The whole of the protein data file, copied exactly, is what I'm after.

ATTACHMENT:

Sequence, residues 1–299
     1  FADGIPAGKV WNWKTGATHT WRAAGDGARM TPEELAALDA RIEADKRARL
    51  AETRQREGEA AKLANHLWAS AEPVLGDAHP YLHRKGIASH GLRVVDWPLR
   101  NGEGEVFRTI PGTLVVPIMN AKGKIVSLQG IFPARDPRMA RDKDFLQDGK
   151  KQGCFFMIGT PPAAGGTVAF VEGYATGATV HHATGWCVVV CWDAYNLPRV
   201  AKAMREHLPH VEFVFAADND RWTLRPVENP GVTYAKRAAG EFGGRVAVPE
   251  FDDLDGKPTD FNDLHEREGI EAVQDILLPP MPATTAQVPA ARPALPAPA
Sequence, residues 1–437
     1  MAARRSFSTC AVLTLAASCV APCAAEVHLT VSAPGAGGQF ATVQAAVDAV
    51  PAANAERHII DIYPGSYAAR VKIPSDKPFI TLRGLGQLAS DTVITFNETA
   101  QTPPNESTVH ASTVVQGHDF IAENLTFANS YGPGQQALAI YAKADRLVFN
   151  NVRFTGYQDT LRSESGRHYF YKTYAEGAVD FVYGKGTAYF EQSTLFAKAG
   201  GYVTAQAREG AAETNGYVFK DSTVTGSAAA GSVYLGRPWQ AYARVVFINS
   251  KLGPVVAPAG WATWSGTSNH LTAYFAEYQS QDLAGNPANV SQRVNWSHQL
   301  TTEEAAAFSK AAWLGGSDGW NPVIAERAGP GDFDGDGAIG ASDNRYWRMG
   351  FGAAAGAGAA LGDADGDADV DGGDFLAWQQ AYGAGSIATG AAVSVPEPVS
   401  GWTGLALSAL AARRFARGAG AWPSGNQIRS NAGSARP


Sequence, residues 1–299
     1  FADGIPAGKV WNWKTGATHT WRAAGDGARM TPEELAALDA RIEADKRARL
    51  AETRQREGEA AKLANHLWAS AEPVLGDAHP YLHRKGIASH GLRVVDWPLR
   101  NGEGEVFRTI PGTLVVPIMN AKGKIVSLQG IFPARDPRMA RDKDFLQDGK
   151  KQGCFFMIGT PPAAGGTVAF VEGYATGATV HHATGWCVVV CWDAYNLPRV
   201  AKAMREHLPH VEFVFAADND RWTLRPVENP GVTYAKRAAG EFGGRVAVPE
   251  FDDLDGKPTD FNDLHEREGI EAVQDILLPP MPATTAQVPA ARPALPAPA
Sequence, residues 1–437
     1  MAARRSFSTC AVLTLAASCV APCAAEVHLT VSAPGAGGQF ATVQAAVDAV
    51  PAANAERHII DIYPGSYAAR VKIPSDKPFI TLRGLGQLAS DTVITFNETA
   101  QTPPNESTVH ASTVVQGHDF IAENLTFANS YGPGQQALAI YAKADRLVFN
   151  NVRFTGYQDT LRSESGRHYF YKTYAEGAVD FVYGKGTAYF EQSTLFAKAG
   201  GYVTAQAREG AAETNGYVFK DSTVTGSAAA GSVYLGRPWQ AYARVVFINS
   251  KLGPVVAPAG WATWSGTSNH LTAYFAEYQS QDLAGNPANV SQRVNWSHQL
   301  TTEEAAAFSK AAWLGGSDGW NPVIAERAGP GDFDGDGAIG ASDNRYWRMG
   351  FGAAAGAGAA LGDADGDADV DGGDFLAWQQ AYGAGSIATG AAVSVPEPVS
   401  GWTGLALSAL AARRFARGAG AWPSGNQIRS NAGSARP